Now the process is streamlined with increased tank capacity and temperature controls via tank jacketing and cryo-cooling, which especially helps with keeping white wines cold and fragrant during fermentation.
In a twist on typical Puget Sound wines, Comforts creates a sparkling wine out of the two Madeleines and allows the liquid to ferment within the bottles.
Another experimentation that’s showing great promise is a new “island red” made from Agria grapes grown on Whidbey at the Greenbank Cellars vineyard. Known in the industry as “Old Blood,” the Agria is a red grape with red flesh that produces a deep, dark liquid.
The winery’s other reds come from Eastern Washington, including the Cabernet grapes still fermenting in large containers. Rita and her son, Zach, assistant winemaker at Comforts, “punch down” the fruit three times a day, by hand, using a punch-down tool resembling an oversized potato masher.
“With reds, you want as much skin contact as possible and to extract as much color and flavor as you can,” she said, noting that the meticulously hands-on process lasts for 10 to 12 days while it finishes fermenting.
“You have to baby them,” she said. When she covers them at night, her future daughter-in-law, Liz, who recently moved from Tennessee to join the family and the winery, jokes that Rita is “putting the blankets on and putting them to bed.”
Spoiled Dog Winery
In the early 2000s, Spoiled Dog Winery owners Jack and Karen Krug planted a vineyard of Pinot Noir grapes on their 25-acre property – and the rest is history. Experimenting to find a varietal that would thrive in Whidbey Island’s microclimate paid off, and they now have six “clones” of pinot noir at the winery.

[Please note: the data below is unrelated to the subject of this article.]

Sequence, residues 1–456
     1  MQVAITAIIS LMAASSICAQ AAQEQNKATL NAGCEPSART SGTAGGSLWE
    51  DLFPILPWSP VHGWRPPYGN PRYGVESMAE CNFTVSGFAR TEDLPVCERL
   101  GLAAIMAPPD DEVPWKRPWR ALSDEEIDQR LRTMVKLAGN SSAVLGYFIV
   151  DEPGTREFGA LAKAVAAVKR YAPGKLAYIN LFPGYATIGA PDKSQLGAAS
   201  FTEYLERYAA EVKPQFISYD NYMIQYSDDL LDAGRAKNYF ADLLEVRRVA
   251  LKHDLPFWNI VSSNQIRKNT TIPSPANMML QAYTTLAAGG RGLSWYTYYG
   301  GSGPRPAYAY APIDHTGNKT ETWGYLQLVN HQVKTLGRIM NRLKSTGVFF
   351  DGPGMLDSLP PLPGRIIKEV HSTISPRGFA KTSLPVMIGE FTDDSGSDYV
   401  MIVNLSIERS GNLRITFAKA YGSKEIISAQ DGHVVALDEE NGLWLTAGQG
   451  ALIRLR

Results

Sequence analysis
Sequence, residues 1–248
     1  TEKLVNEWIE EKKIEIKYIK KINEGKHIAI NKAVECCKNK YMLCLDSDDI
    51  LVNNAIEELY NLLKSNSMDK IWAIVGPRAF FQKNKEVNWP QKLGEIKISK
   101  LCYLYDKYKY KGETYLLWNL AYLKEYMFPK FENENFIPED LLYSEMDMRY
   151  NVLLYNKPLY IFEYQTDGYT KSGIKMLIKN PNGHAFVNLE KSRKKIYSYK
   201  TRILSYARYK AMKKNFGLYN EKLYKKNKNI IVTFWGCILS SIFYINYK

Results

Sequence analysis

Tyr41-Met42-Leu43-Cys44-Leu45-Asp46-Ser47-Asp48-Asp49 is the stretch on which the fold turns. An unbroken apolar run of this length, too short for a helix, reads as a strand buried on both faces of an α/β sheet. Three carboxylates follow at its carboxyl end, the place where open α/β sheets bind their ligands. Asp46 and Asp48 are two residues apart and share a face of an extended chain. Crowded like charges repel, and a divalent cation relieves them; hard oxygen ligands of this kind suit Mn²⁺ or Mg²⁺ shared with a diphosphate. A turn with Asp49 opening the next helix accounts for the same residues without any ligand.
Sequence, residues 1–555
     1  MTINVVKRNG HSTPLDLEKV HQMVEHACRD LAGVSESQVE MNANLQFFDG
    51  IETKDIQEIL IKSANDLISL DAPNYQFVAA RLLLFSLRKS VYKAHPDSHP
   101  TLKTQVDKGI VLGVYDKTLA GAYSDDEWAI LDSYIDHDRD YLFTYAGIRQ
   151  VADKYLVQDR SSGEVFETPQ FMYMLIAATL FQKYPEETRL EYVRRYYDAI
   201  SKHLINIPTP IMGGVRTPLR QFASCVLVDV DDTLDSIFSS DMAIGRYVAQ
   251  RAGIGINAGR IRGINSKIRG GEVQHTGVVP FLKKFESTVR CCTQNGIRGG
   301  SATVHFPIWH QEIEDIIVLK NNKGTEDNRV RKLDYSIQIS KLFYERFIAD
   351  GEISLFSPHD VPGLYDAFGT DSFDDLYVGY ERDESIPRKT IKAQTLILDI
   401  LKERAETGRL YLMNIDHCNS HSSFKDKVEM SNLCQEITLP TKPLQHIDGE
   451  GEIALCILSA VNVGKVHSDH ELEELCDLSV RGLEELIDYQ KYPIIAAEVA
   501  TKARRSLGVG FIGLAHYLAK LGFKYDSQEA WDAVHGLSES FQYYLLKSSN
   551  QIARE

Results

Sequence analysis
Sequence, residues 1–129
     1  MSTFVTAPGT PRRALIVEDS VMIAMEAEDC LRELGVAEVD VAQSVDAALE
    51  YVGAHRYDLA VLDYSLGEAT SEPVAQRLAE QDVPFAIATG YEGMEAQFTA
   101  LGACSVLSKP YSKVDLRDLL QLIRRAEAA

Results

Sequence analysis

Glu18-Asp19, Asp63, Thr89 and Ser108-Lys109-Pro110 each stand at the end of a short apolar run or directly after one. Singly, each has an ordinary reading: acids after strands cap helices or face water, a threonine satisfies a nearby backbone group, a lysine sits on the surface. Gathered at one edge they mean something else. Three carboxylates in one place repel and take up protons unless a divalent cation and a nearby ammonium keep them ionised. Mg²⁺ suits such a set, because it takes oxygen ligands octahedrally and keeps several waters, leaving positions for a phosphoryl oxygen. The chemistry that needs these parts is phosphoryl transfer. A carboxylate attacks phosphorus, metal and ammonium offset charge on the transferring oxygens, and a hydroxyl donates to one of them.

Lindsay Krug, part of the Spoiled Dog winemaking family along with her husband, Jake, explained that clones are basically mutations, but all are pinot noir.
“Some have more fruity flavors, some more spice and others backbone. … Blending these various flavors results in a more complex and appealing pinot noir,” she said, while also noting that they use organic earth-friendly practices, which is a priority for them.
The harvest and crush season at Spoiled Dog is pretty much complete now, after two separate harvests: the first for the winery’s Estate Rosé, and the second for the Estate Pinot Noir. They also get pinot noir grapes from the Hezel Family Vineyard off Bayview Road and make a separate single-vineyard pinot noir from those grapes.
Spoiled Dog follows the community harvest tradition with family, friends and locals who put “hands to harvest” and celebrate afterward with food and wine. Then the next phase begins.
The pinot noir is “vine to bottle” on Whidbey Island. After picking and destemming, the Krugs lets the grapes cold-soak for a few days before the primary fermentation begins. Once the grapes ripen to the right level, according to Lindsay, they are pressed and the resulting pinot noir is racked into French oak barrels for the secondary fermentation and barrel age.
“French oak is critical for a good pinot noir,” explains Lindsay. “We age ours for at least a year in barrel and then again in the bottle.”
Though Spoiled Dog is known for its estate pinot noir, the Krugs, like the owners of other wineries on Whidbey, make numerous trips over the pass to Eastern Washington for truckloads of grapes. The chardonnays, sauvignon blancs and pinot gris, as well as cabernets, merlots, malbecs and blends, all get processed onsite within hours of returning to the island.
All three wineries keep tasting rooms open during the winter months, with varying hours and days. They also participate in events such as the upcoming “Autumn on Whidbey” weekend on Nov. 9 and 10, which is put on by the Whidbey Island Vintners & Distillers Association.